Yeah, but objectify I mean there’s a poorly drawn scene where Robin finds Nocturna seductively posing, cuddles to her, calls her mom.

It’s really messed up.

And Mandrake tanks on Robin’s expression. He looks like a chimp.

Still, Moench’s formula is reliable, refined and entertaining.

C+ 

CREDITS

Red Skies; writer, Doug Moench; artist, Tom Mandrake; colorist, Adrienne Roy; letterer, John Costanza; editor, Len Wein; publisher, DC Comics.

Batman 388 (October 1985)

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It almost doesn’t feel like Moench is writing the comic. He is, obviously, since there’s the avoidance of any new plot for Jason and an awkward comment about Alfred’s daughter. Jason calls her a honey or something. But the comic has Flash villains visiting and Moench writing about how incapable Batman is against them.

Robin even talks to Bullock about how they can’t handle superhero villains. Except neither villain is super-powered; it’s Captain Boomerang and Mirror Master. There’s also an odd scene where Mirror Master is scared of some thugs. Reading the issue, it’s hard to see where Moench’s going with anything.

The problem might be the subplots–there aren’t any active ones except Bruce’s love life, which is on a far back burner. Sadly, Moench doesn’t have anything good for the front most ones.

Mandrake’s art is okay. Good composition, not great detail, but lots of enthusiasm. Lots.

C 

CREDITS

The Round-Trip Looking Glass!; writer, Doug Moench; artist, Tom Mandrake; colorist, Adrienne Roy; letterer, John Costanza; editor, Len Wein; publisher, DC Comics.

Batman 387 (September 1985)

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The art is uneven. Mandrake has some excellent composition and okay panels, then some not so good of either. He can’t do the action scenes; his Batman and Robin fighting thugs looks like scene out of the Adam West TV show.

But even with uneven art, it’s a great issue. Two high points–the epilogue where Jerry Hall–sorry, sorry, I mean, Alicia–sorry, no, it’s Circe here. Circe. Anyway, Circe gets back some measure of vengeance. Very cool.

Other high point? This weird scene with Bruce discovering Vicki is very buff now and he’s all about the muscle gals. It’s out of place in the story–she’s at his costume ball so he can put her in danger from the Black Mask–but very amusing. Moench does get in some good subtle digs from time to time.

The duality between Black Mask and Batman’s neat too.

It’s quite good.

B+ 

CREDITS

Ebon Masquery; writer, Doug Moench; artist, Tom Mandrake; colorist, Adrienne Roy; letterer, John Costanza; editor, Len Wein; publisher, DC Comics.

Batman 386 (August 1985)

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Tom Mandrake does the art for the issue. He’s unsure of himself but always interesting. He shifts styles a lot throughout–this issue tells the origin of the Black Mask. In a lot of ways, it feels more like an old Spider-Man than anything else. There’s something very Ditko in how Mandrake draws Black Mask.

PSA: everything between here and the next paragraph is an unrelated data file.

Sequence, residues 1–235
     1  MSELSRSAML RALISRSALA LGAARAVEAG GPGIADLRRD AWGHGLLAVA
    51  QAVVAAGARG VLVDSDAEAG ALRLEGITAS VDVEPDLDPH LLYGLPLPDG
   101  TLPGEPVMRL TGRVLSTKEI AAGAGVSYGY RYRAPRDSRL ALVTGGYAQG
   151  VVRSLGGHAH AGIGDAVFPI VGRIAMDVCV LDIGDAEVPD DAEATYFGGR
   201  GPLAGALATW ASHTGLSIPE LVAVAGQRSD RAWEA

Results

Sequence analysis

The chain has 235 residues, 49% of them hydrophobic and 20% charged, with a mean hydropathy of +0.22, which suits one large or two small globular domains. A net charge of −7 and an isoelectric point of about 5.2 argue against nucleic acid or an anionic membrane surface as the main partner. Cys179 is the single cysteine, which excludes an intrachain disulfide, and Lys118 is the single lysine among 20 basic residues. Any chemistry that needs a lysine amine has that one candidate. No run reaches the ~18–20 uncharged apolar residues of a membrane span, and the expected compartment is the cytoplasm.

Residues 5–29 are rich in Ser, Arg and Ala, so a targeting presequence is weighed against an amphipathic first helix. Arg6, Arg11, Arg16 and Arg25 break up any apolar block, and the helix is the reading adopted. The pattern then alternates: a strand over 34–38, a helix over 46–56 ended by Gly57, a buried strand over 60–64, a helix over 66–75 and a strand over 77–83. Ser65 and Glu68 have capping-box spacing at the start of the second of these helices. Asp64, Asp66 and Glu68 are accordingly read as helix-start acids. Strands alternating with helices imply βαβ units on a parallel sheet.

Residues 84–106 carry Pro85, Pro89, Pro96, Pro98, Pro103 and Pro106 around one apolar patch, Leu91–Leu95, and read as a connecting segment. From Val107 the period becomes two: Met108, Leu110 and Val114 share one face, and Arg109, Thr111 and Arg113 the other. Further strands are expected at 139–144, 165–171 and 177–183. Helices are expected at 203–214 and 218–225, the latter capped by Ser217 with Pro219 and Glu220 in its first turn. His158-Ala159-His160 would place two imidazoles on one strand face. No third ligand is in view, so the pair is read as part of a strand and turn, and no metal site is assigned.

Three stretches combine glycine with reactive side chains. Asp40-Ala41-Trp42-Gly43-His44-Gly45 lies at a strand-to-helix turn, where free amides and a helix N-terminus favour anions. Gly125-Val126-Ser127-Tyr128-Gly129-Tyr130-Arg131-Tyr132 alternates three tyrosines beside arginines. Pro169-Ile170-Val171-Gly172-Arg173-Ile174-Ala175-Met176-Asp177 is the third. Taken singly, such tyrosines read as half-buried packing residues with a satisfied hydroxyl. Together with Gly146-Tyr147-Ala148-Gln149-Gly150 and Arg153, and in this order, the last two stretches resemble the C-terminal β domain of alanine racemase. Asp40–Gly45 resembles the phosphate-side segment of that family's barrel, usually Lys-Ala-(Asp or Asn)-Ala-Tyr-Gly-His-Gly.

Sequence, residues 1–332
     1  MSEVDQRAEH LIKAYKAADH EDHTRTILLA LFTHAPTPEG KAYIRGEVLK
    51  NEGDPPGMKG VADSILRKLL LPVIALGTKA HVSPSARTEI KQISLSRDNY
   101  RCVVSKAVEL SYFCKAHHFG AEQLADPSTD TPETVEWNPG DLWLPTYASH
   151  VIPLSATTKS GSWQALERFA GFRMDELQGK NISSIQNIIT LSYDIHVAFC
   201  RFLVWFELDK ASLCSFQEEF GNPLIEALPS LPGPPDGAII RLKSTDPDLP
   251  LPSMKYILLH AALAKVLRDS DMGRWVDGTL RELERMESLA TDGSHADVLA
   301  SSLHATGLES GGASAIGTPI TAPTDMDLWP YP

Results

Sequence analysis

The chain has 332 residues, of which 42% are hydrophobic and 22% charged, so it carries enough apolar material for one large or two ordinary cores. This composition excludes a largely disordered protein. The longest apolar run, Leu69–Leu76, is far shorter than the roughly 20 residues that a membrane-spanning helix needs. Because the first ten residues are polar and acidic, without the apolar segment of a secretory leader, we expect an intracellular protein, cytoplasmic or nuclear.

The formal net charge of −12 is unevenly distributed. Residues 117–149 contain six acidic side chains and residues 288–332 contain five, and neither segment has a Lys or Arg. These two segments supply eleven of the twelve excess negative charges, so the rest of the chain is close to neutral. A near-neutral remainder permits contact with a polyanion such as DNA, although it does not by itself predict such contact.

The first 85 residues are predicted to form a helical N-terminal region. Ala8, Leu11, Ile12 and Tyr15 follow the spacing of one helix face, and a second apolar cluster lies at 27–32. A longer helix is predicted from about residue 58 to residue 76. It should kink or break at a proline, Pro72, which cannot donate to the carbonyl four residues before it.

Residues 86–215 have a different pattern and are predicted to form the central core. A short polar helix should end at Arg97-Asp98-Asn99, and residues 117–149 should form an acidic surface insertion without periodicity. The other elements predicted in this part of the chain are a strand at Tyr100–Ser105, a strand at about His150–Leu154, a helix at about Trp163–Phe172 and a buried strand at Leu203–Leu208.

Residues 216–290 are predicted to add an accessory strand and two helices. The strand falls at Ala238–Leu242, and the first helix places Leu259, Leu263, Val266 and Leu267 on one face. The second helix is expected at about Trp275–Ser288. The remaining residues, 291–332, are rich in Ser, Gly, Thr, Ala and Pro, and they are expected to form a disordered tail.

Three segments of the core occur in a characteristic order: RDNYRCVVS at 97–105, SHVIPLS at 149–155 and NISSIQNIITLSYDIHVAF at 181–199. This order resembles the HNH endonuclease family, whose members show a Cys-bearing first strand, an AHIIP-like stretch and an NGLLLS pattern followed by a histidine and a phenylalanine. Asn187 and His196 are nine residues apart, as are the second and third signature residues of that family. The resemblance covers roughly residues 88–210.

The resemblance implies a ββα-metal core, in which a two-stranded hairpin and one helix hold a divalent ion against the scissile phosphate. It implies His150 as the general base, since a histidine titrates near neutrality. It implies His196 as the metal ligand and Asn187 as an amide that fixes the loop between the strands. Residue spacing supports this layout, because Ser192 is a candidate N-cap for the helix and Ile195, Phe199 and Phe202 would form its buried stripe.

And Moench has a good time of the origin retelling too. He finds a nice, slightly disturbed voice for the narration and off he goes. There are some contrived details and the Black Mask’s dialogue in talking to himself isn’t great, but it’s a rather enjoyable issue.

Moench often has more success with these comics when he pushes himself. There’s a rabies hallucination in a flashback–Moench’s definitely pushing the plotting this issue.

When Batman does show up, it distracts from a bad detail or two; the issue goes out on a high note.

B 

CREDITS

Black Mask: Losing Face; writer, Doug Moench; artist, Tom Mandrake; colorist, Adrienne Roy; letterer, John Costanza; editor, Len Wein; publisher, DC Comics.

Sidekick 1 (August 2013)

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Tom Mandrake is an odd choice for a superhero comic. He does an excellent job and all, but he’s so identified with horror, it’s strange to see him do capes and tights.

Sure, there’s more to Sidekick than capes and tights but it’s not horror. It’s more “realistic” superhero stuff. J. Michael Straczynski mixes Batman, Captain America and maybe Captain Marvel for his superhero pair. The superhero dies in and the sidekick has to take over.

Only things don’t go well for the sidekick. His girlfriend left him, the city makes fun of him, he extorts favors from sex workers… He’s a great guy.

Straczynski never commits to making the character a bad guy, just a conflicted soul. It’s amazing how Straczynski manages to demean the hooker the guy just extorted. Having Robin go bad might be an interesting story, but Sidekicks ain’t it.

Besides Mandrake, it’s pretty much pointless.

CREDITS